Tyler Ludens wrote:
Carol Grosser wrote: I struggle on here alone in a land where people are clueless on permaculture.
Yes, I believe we know each other! In fact, it was one of your e-mails to a local e-mail group exchange that caused me to reach this site and for years, your interest in permaculture finally took hold on me. For a long time, I, being of peasant stock, frowned on permaculture because the cost of seminars and the basic text was so high. I thought it was just another money raising scheme on something that had to be free for everyone given the urgent need for people to change their lifestyle and return to the peasant lifestyle of the 19th century that I grew up in from the later settlers of Central Texas. Financially, we were way behind the earlier settlers of the 17th and 18th century that came here to rob the Indians of their land. After understanding more of the drought-protective effects of permaculture, I am now in, an admirer and student of it. I just looked at your projects and they are truly impressive!
I have only one project--planting fruit trees and growing my own food. I still keep goats and chickens.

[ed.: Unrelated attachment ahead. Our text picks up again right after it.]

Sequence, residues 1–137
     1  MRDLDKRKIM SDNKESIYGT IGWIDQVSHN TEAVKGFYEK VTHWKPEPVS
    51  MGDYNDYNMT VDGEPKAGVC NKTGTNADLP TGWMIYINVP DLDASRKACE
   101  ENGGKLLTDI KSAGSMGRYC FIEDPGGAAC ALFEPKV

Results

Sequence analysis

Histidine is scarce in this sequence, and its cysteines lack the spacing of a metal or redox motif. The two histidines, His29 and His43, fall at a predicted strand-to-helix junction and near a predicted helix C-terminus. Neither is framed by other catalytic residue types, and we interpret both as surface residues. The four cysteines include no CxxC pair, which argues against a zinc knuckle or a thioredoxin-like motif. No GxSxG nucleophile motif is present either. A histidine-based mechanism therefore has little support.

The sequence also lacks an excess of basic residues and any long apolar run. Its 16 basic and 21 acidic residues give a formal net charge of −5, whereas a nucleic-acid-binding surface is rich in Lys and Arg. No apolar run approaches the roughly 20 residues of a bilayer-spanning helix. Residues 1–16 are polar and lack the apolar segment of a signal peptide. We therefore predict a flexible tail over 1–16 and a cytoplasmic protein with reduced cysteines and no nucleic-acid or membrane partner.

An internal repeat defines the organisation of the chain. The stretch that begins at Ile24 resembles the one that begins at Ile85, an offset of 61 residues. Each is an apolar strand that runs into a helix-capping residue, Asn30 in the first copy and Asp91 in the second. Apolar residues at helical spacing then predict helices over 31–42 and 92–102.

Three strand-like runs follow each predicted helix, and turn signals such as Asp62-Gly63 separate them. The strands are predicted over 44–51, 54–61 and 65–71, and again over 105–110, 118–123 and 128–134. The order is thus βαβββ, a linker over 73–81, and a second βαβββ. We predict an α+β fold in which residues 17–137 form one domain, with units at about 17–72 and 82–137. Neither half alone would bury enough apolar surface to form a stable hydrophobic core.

I will continue on my fruitarian 80/10/10 diet as best I can the rest of my life, which now is probably better than the genetic/food choice lifetime of my nearest blood relatives, previously around 72. I am 68 now and plan on living, actively, to 100. Although I have expanded the lifestyle of my peasant parents, I will always remember their courage and wisdom in surviving a get-rich-quick world. Both of them were ethical in their treatment of the land they had, which was 635 acres, and the animals their livelihood depended upon. The land I have is because of their sacrifice. I am leaving most of it to nature except for building rock terraces on downslopes whenever I can. But for now, I am concentrating on the high-fenced area to determine the depth of the topsoil before it gets to solid bedrock. I may not be able to plant as many fruit trees as I wish. The only option would be to put an orchard in the bottom with a thick depth of mineral-rich topsoil. I do have the piping for irrigation there as well. The limiting factor though is ground water and how much will be available in the seemingly endless drought. My family survived the 1950s drought of central Texas, but just barely. I might have to return to meat, eggs, and goat's milk, but I have more energy and health without meat and hope that I don't have to.